Julie Anne Kelly delivers a jab to her opponent in a boxing match staged by her organization Haymakers for Hope.
Julie Anne Kelly tightens her gloves, slips into the ring, and sizes up her opponent with the eagle-eyed stare of someone who has spent considerable time inside a 16-by-25-foot rectangle. Kelly is an amateur in the predominantly male sport of boxing, which inspired her and Andrew Myerson to found Haymakers for Hope, a Boston-based nonprofit organization that hosts charity boxing matches that have raised more than $2 million to help the Dana-Farber Cancer Institute and the Jimmy Fund find a cure for cancer.
Haymakers held its first fight at the Castle at Boston Park Plaza Hotel in 2011. With attendance of over a thousand and proceeds of almost $200,000, Kelly and Myerson knew they had a hit (no pun intended) on their hands, so they’ve staged similar events each year in Boston and New York.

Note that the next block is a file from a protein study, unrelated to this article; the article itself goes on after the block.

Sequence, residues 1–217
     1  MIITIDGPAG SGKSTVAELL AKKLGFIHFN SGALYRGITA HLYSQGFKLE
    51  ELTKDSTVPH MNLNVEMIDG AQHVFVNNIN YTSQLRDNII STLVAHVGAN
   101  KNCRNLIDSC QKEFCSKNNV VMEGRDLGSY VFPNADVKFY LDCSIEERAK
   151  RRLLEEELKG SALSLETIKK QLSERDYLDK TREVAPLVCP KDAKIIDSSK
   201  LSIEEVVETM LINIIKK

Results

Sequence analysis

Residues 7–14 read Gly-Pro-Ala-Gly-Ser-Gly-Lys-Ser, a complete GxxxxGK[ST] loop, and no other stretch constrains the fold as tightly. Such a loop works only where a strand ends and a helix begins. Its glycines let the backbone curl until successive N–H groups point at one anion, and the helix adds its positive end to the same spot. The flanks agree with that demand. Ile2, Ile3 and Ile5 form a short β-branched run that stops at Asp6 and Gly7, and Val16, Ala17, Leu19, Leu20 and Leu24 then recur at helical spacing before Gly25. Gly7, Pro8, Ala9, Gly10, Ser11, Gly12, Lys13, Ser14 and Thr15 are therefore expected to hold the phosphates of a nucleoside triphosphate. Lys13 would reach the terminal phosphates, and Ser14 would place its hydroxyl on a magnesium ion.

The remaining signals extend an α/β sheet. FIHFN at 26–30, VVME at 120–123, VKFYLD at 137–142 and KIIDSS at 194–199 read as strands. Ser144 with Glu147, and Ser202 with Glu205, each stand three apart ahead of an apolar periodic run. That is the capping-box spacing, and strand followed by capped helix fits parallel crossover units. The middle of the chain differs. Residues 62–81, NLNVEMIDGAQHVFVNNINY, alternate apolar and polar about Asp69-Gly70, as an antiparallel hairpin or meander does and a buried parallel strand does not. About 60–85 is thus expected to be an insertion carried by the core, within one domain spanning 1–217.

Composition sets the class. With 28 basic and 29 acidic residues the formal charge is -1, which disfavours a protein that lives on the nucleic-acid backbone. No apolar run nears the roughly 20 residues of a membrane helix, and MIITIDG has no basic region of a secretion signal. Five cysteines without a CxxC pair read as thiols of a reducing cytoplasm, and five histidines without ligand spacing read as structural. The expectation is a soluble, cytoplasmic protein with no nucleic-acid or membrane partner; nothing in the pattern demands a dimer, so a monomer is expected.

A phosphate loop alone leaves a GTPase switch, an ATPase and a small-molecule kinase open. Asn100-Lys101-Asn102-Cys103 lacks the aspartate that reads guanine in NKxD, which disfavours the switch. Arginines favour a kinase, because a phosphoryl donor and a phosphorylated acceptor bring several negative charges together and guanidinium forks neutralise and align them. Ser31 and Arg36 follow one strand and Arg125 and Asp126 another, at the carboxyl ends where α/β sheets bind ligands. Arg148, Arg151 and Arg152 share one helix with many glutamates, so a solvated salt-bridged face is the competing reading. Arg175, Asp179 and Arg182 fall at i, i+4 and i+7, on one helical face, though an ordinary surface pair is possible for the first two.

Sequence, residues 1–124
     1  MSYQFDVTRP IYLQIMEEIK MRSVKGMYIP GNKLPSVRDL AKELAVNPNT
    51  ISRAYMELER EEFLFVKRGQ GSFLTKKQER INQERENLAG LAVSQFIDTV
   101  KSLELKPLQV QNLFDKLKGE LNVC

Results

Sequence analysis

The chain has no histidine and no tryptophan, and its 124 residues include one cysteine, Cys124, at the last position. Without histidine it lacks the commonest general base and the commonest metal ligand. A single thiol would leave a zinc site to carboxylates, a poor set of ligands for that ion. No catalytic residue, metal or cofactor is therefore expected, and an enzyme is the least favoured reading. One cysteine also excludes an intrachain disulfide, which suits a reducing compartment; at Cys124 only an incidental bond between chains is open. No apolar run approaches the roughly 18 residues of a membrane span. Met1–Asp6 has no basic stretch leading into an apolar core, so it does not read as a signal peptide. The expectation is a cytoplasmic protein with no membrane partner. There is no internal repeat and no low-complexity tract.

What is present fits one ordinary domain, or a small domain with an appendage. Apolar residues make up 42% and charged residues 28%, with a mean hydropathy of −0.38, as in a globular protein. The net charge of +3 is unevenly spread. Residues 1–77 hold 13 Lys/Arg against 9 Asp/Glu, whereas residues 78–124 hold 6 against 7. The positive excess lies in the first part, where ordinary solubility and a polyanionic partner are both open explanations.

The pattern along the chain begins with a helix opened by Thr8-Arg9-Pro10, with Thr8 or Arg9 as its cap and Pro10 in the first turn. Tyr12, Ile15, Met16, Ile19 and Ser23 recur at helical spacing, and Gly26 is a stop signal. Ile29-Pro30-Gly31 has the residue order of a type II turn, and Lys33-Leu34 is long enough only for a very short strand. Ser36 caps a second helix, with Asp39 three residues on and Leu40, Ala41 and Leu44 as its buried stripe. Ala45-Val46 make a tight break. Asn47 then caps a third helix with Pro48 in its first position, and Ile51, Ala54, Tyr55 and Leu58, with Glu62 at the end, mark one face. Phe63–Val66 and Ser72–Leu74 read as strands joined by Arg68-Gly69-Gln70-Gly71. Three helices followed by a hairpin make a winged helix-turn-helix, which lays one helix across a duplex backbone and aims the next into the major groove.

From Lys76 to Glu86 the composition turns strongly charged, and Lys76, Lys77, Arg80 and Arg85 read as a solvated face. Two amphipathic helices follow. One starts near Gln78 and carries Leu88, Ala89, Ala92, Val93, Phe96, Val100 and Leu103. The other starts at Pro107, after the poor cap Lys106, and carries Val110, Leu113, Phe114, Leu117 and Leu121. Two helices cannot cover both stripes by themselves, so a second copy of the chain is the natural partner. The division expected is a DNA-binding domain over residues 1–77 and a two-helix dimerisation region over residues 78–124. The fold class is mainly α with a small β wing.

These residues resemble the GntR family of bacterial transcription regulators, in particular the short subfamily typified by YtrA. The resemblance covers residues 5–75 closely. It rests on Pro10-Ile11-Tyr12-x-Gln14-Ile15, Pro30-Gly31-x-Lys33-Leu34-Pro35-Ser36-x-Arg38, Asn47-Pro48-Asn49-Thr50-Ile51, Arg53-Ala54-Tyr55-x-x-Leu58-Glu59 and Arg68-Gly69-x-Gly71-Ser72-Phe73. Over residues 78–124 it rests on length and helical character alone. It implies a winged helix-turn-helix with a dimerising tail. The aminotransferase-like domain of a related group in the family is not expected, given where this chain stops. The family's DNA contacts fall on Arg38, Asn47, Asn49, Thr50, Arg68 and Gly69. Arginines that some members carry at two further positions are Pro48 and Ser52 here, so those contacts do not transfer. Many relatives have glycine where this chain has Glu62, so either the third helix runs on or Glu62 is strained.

On October 7, as part of Breast Cancer Awareness Month, Kelly and 24 local VIPs, including sports media personality–turned–private chef Jen Royle, will climb into the ring and spar at Haymakers’ Belles of the Brawl event. The women-only matches aim to break down barriers in the sport while also raising money to fight breast cancer. Each fighter is matched with another of similar size, weight, and skill. “After doing the national cooking show The Taste on ABC, I was ready for a new challenge,” says Royle, who has been training with Tommy McInerney of FitBOX in Dedham six times a week to prepare for her match. “Having lost my father and grandmother to cancer, this seemed like the right choice. I’ve always been athletic, but my training has tested my limits both mentally and physically.”
Kelly has faced fights, quite literally, in both arenas. She has won numerous Golden Gloves competitions, and she KO’d her own mortal adversary after college, defeating Hodgkin lymphoma. “Belles of the Brawl offers women the empowering experience of learning the sweet science and fighting against a disease that affects our mothers, sisters, daughters, friends, and selves,” she says, all while “showing Boston what it means to ‘fight like a girl.’” House of Blues, 15 Lansdowne St., 888-693-2583